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what are the cultural roots of the

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Western cultural practices regarding the mixing of men and women?

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We said the Islamic cultures evolved from the concept of do not go near Zina.

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I will argue that modern Western culture

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evolved from the idea of facilitating,

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especially in the past 50 years, right. Over the past 50 years, a lot of new cultural practices became common amongst Westerners, all of which aimed to destroy any barriers between a person and fornication. All barriers were broken up.

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So in the past, if a Muslim moved to a

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conservative Christian country,

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and they were told to adapt to the local culture,

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and the local culture was conservative, modest christian ethics, and they just took the hell out of that. And they left the Haram of that. That wouldn't have been that big a deal, right?

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But we're not dealing with Christian culture.

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We're dealing with a culture that aims to facilitate Zina.

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And my question that I want, want us to think about if we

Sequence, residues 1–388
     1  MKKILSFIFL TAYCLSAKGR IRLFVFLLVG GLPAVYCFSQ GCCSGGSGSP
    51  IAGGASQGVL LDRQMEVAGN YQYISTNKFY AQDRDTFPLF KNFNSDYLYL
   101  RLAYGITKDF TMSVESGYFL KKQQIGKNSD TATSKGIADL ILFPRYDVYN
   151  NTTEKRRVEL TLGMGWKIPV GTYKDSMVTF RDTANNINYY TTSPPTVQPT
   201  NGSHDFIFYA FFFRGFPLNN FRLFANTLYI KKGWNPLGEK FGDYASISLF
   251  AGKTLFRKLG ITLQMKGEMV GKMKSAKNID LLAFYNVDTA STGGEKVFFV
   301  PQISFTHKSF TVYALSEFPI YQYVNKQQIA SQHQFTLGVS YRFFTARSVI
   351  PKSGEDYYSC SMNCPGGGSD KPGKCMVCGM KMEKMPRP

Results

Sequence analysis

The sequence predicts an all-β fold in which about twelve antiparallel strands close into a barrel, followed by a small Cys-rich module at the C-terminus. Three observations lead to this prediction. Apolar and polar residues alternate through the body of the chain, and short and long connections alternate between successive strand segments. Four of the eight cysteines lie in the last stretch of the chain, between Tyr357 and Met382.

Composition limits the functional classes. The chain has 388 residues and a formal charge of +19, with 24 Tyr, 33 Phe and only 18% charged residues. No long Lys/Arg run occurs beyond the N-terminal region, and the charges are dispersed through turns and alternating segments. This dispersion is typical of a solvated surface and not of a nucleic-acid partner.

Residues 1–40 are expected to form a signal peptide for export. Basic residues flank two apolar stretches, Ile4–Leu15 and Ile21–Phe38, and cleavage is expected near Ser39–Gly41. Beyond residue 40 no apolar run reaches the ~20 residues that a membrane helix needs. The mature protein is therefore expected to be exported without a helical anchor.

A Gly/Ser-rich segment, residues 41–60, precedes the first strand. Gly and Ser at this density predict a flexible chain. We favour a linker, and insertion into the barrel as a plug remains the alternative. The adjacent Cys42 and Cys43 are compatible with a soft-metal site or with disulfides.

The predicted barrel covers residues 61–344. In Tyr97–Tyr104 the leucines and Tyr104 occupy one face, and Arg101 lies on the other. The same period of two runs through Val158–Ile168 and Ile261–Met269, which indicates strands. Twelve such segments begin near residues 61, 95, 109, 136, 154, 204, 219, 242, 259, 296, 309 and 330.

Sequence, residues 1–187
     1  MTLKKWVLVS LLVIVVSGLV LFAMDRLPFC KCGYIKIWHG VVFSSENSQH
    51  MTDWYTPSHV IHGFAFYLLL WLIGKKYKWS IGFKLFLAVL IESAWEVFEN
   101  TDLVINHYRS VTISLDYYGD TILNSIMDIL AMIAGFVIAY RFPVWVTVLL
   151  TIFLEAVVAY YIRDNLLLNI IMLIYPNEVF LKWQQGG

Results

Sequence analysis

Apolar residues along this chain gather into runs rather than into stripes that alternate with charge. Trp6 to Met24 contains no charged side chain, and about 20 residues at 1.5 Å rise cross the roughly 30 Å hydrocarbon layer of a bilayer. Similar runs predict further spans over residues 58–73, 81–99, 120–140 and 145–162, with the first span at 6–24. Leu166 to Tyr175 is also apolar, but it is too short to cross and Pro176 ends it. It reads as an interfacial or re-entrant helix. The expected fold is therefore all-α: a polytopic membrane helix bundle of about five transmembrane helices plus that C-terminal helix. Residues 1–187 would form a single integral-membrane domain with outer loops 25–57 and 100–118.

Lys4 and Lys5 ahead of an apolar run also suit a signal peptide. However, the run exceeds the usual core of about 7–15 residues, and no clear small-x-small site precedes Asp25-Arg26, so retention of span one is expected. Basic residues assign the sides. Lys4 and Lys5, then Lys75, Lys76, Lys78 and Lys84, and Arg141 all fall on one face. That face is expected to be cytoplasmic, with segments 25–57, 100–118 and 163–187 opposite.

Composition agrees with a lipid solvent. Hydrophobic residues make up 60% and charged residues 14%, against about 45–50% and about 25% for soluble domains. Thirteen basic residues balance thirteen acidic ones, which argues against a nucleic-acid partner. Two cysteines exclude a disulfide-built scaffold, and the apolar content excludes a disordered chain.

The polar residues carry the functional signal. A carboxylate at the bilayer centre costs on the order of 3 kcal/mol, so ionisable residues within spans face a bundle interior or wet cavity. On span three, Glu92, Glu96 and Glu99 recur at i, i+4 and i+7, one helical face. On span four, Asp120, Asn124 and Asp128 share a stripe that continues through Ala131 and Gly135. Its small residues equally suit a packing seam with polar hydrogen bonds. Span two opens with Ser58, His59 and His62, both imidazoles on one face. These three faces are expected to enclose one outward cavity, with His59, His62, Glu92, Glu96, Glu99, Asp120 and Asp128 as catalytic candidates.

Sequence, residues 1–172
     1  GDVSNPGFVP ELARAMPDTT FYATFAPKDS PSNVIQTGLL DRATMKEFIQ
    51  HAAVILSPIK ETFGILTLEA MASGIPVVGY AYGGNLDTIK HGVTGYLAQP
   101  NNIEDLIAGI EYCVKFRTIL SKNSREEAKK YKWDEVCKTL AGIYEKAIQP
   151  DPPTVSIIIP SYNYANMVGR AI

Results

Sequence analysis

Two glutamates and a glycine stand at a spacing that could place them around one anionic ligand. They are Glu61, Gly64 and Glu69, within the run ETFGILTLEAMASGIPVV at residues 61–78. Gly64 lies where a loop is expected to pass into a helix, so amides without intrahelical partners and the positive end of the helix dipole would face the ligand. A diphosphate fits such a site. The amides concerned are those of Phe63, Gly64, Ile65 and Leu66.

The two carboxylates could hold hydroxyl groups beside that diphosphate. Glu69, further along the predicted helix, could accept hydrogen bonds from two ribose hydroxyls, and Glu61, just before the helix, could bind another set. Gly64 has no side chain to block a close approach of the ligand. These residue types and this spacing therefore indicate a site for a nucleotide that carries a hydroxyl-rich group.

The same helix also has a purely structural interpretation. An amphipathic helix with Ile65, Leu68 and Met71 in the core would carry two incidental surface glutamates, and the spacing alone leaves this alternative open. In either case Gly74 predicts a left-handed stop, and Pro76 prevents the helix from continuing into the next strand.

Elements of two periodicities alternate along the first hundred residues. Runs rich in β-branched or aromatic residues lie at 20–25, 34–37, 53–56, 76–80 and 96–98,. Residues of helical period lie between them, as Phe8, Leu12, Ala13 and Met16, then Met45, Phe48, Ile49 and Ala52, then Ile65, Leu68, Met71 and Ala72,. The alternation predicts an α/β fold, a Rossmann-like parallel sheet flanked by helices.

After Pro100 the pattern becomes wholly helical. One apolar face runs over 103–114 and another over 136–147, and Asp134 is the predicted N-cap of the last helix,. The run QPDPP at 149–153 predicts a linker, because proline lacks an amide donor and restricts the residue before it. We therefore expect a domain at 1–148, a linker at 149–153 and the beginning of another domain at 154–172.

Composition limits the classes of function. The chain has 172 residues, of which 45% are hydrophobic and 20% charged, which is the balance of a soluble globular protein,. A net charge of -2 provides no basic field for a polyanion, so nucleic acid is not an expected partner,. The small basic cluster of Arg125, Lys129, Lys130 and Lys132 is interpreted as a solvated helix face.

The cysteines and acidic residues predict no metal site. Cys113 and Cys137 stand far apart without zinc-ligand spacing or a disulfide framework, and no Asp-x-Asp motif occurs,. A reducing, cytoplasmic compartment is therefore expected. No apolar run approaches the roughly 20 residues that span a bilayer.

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just in follow the local culture, the question I want you to think about is, is a culture rooted in the facilitation of Zina is this culture, something that

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can be summarized. It is something that we can take the principle of old fancy, okay, we will accept some of it and other parts of it?

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Or is it a culture that we have to completely push aside and say, Hold on, we Muslims, we can't do any of that. Right? Because the goal of this culture is the complete opposite of our goal.

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So what we find is a lot of Muslims, they don't think this deeply about this topic, right? They

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disability, okay, the culture here is that men and women be extremely. Alright, as long as I'm, I'm covering my Alright, should be fine. Right there, as long as I don't touch him, it should be fine. And then end up doing things like meeting at coffee shops, and, you know, hanging out together. And we have asked ourselves, is this really Islamic? Is this something you can imagine? Rasulullah, sallAllahu, alayhi wasallam doing? Is this something you can imagine the Sahaba doing? The answer is no. It's not right to be justified on the basis of culture. But the culture itself is rotten to its core. The culture itself contradicts the very goals of the Sharia.